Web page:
Pan Am Heritage Units At Night

Keeping on a roll with heritage locomotives, Pan Am Railways, which operates the ex-Boston and Maine and Maine Central trackage in New England, painted up a couple of their own Heritage engines in 2011 which are featured in tonights night photo. GP-9 ST 77 was painted up in the Boston & Maine maroon and gold scheme used in the fifties in Auguest 2011, and GP-9 MEC 52 was repainted using the Maine Centrals’ 1950’s era “Pine Tree Route” green and gold livery. After being painted, these two engines always seemed to be assigned in or around Portland or Waterville, Maine, far east of my roaming territory at night. This summer the 77 came west assigned to an AD-1 working between North Adams, Mass. and N. Bennington, VT., but it was reported overheating on the return trip to North Adams and subsequently returned to East Deerfield Yard where the maint. forces could keep an eye on her. The MEC 52 soon joined 77 and the two spent the rest of the intervening time rarely being allowed out on the road, being used mostly in hump service in E. Deerfield Yard. You can imagine how disheartening it is to read reports of these two photogenic engines being confined to working the hump in the depths of E. Deerfield Yard each day!
Earlier this month saw the pair “out in public” escaping the confines of the yard powering small ballast trains nearby on the Conn. River Line. I made comments to friends how the East Deerfield to Bellows Falls wayfreight seemed like a natural assignment for the two locomotives, it was a short run with usually a light train. The last two weeks the Heritage pair resumed working the hump together. After shooting the Savannah & Atlanta Heritage engine in Mechanicville, I was waiting for the next night photo opportunity to appear when I checked my email yesterday afternoon. A railfan outside of the yard down in East Deerfield reported that it looked like the 77 & 52 were assigned to a EDBF, East Deerfield – Bellows Falls!! A few minutes later it was confirmed in following emails! I was stunned! It was happening! The 77 & 52 were coming to Bellows Falls! After Dark!
All plans for the night were dropped. After I went downtown and gassed up the Civic and bought a Veggie-Delite, I made a thermos of tea, loaded up the car and was on the road as darkness was falling. While there are several excellent photo locations in Bellows Falls, I had visualizations of the two GP-9s passing another favorite location of mine, south of Bellows Falls at Westminster, VT. where a red feed store sits trackside. My only concern was the feed store might be too much red with the maroon and yellow 77 leading. Two hours and fifteen minutes later, courtesy of I89 & I91 I rolled into the parking lot for the convenience store which bordered the track across from the feed store. During the drive down the car scanner had revealed nothing of EDBFs location. By coincidence, a worker came out the back door to encounter me setting up the light stands and after explaining what I was up to, she answered my question if there had been any trains going by lately, to which she  confidently replied...............nope, nothing has gone by for hours. Turning away from her while breaking into a wide grin, I realized I had arrived ahead of EDBF! Not knowing where they were I turned my attention to methodically setting up the lighting, then out would come the stepladder. So far so good!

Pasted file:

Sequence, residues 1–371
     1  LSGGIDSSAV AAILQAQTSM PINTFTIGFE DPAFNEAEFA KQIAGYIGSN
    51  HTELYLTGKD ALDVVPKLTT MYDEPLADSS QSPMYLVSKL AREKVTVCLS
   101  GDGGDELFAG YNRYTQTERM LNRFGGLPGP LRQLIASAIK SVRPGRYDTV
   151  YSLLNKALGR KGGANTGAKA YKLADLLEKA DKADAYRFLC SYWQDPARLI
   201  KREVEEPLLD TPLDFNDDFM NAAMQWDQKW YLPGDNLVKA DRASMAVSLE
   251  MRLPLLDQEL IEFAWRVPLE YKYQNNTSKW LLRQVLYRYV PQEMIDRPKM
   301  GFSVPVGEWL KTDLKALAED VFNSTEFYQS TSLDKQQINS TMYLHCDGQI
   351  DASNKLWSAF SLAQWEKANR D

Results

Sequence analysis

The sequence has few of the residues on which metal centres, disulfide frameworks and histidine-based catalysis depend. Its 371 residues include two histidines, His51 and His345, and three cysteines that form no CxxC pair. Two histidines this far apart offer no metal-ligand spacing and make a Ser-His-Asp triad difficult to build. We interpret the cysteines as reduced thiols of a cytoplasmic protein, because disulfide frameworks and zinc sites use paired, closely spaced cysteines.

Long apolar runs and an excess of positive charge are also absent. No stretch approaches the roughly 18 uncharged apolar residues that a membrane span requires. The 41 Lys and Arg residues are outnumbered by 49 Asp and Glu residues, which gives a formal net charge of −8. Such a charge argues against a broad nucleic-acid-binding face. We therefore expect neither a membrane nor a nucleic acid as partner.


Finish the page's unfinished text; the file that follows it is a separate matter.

Setting up the lights I gratefully acknowledged the contribution made by the NECR brushcutter recently, as it took down small trees bordering the right of way, widening the view here on the right side in the process. The trade off (there is always a trade off) was the fact the trees were of course left laying on the ground and I needed to climb through, over and around them to place light stands. The narrow stumps, cut a foot or more off the ground, were certainly nothing I wanted to risk falling on. So I took my time and finally had the view I liked framed up, test shots taken and I was chatting with the building owner while happily waiting for EDBF. The feed store owner, wearing appropriate attire, a light coat, shorts and those knee high black rubber “muck” boots wondered what I was doin’ of course. Trains, I replied...........a special train is coming by. After we discussed the feed stores history (built in 1902 or earlier) he left me to my specialty. Perhaps fifteen minutes later, an air horn was heard from south of me and eventually I could hear the low growl of non-turbocharged 567s! GP-9s anyone!? Imagine one of the Central Vermonts 700 series 2-10-4s pounding past here! Coming back to tonight, I was thinking....have I even shot an “as-built” GP-9 at night? Tonight could be a first with the lights! Eventually headlight beams reflect off the foliage and an old boxcar parked alongside the feed store, and into the scene accompanied by that lovely sound of non-turbocharged 567s comes Pan Ams Heritage engines, two GP-9s! Leader 77 wearing the classic Boston & Maine maroon and gold! I never thought I would see the night...........lol! With a silent click the light from flash units reflect back and the image is captured. Success! I shot this scene with a 35/2 lens vertically while planning on cropping the bottom and top back home. As much as I wanted to shoot horizontal, the dense growth of poplar trees out of the scene to the right prohibited (to me) placing flash units further to the right throwing light from within the trees. No thanks! So see what you think with this vertical. Shot in Westminster, Vermont on October 27, 2014 at 21:26. Please enjoy! Comments are welcomed.
All The Best In 2014;
Gary Knapp

"Tip Of The Iceberg" Chap. 14 10/24/14‏